An Intro to the Bandoneon

The Bandoneon: Iconic and Extraordinary

Bandoneon

The bandoneon is, without a doubt, the instrument that we identify with tango. It’s melancholic and haunting sound combined with it’s intriguing construction leave us feeling overwhelmed with curiosity and pleasure. I’ve always found it in one word: mysterious.

Bandoneons are a dynamic instrument in the sense that they actively play both melody and rhythm (mainly rhythm). There are techniques for making the sound more intense/harsh creating a ‘boom’ on the downbeat as there are techniques for stretching one note for what seems like forever. Piazzolla’s Adios Nonino stretches and builds intensity; whereas, Canaro en Paris and Variaciones of David Alsina and Flight of the Bumblebee will blow you away with other-worldly speed. We rarely see such incredible acts of artistry in the music we use to dance due to the fact that it would make it too difficult for dancing. That doesn’t meant that a Tango musician was any less talented or dedicated in his art than his brothers who were playing Bach!

The first Bandoneon was introduced into a tango in 1899. The first tango bandoneon is widely considered Juan Maglio “Pacho” and his friend, a guitarist, Luciano Rios. They played together for decades later forming ‘La Orquesta del Primero’ in 1912 adding a violin for a trio! History completed, back to brilliant musicians. After the early 1900’s musicians were either conservatory trained, or prodigies who wanted to make a living playing in the bands. Singers (like Fama, Vargas, Podesta, and Rufino) were treated like pop stars and the tango life was that of the bohemian nightlife. Tango culture in the 1940’s was something that attracted musicians from all schools.

There is one great problem that modern tango orchestras and arrangers face when creating new music with a ‘vintage sound’ or replicating the iconic scores of the 20th century. The first is that it is too difficult to have an entire Bandoneon section. This is a result of several facts, mainly,  there isn’t enough money. Modern dance halls don’t generally have the support of 200 people per night to pay a band with a pianist, 3 bandoneons, 2 violins, bass, and singer … This completely ignores how difficult the Bandoneon is to learn! It plays a different note going in versus out and the buttons on the left and right side don’t match. It seems to me quite simply, a nightmare!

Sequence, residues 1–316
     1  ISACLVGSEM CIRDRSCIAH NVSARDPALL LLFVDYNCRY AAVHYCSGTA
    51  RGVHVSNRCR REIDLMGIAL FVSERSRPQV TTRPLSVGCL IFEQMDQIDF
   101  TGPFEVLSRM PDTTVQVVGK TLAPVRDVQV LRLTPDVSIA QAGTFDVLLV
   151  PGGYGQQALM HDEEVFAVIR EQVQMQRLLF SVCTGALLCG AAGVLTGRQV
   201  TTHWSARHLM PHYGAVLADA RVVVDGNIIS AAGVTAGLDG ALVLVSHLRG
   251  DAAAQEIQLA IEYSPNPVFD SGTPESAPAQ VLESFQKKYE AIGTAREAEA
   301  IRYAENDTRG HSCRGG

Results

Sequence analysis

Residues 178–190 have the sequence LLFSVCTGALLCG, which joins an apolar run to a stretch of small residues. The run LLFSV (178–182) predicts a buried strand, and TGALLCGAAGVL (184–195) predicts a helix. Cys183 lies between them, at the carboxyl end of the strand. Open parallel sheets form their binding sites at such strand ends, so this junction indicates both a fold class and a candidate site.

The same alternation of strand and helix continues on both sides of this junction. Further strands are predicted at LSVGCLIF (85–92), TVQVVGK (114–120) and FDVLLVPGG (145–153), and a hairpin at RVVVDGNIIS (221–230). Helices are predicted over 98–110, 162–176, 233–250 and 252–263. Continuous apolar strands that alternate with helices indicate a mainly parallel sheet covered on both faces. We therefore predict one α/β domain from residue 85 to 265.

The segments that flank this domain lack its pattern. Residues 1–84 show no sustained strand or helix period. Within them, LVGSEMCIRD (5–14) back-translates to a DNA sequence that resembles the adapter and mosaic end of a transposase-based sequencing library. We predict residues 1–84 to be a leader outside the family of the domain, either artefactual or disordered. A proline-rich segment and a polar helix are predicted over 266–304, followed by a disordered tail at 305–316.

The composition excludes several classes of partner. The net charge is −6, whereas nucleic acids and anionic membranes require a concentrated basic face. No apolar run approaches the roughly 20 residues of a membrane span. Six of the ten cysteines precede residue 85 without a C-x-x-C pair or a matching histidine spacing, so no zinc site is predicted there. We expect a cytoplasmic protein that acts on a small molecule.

That doesn’t mean that modern music isn’t inspiring. It’s a completely different sound that is generally clean, crisp, and refined. It’s difficult have a band with the energy of D’arienzo with zero or one Bandoneon. Just look at this video and imagine what one player would have to do to create that kind of energy! Or the amount of money you would need to hire a band like that?! They would have to be making money off radio contracts and record labels, and gigs … This is a lost art and something that we probably won’t ever see again in modern music. What you can do is appreciate the live music we do have and thank the band leaders and arrangers. The hours and money they put into arranging music that originally had multiple bandoneon parts and solos, violin parts and solos, bass, and vocals with each section playing counter-melodies … uffa!

The work they do to create modern tango is simply INCOMPREHENSIBLE to those of us who just love the energy and  of a great live band. It requires true passion, drive, and love of the music.

Does this mean that ‘Traditional Tango Music’  doesn’t exist anywhere? NO! It just means that the sounds and energy of a traditional band that we hear from the 1940’s will rarely be encountered. When it is, treasure it. One of my favorite bands in Argentina is Orquesta Tipica El Afronte(sorry for the video. They converted me from an alternative/ Nuevo snob to a traditional acolyte. I’m sure it had a LOT to do with the time, place, and energy of “Maldita Milonga”. That being said, the energy of the four Bandoneons stomping on the stage, the violin bows shooting in the air, and the singer with a voice 20 years too old (thank you Marlboro) … It was an unforgettable and transformative experience that would have less power than superior musicians with smaller numbers. The best part about Argentina … is you get to see all of it. Julio Pane, Federico Leopoldo, and a thousand unknown musicans will play live music with trios and sextets that will blow you away. My most magical moment in Buenos Aires was when I was dancing on the rooftop of ‘Zonatango’ and a trio of guitars came out and started singing tangos from 1920. The reality is: the soul of tango doesn’t belong to any one instrument. Travel and see live music of all kinds. The energy of four bandoneons is undeniable … as is the duet of Julio Pane and Juanjo Dominguez!

A list of some incredible Bandoneon players you can here on youtube include Anibal Troilo, Ciriaco Ortiz, Pedro Laurenz (widely considered the three best ever), Julio Pane, Ruben Juarez, Piazzolla, and David Alsina.

 

Thanks for reading and let me know what you think! Sorry for any grammar and spelling errors. My teachers in school always told me “great idea, poor execution”. I hope you have as much fun reading this as I had writing it!

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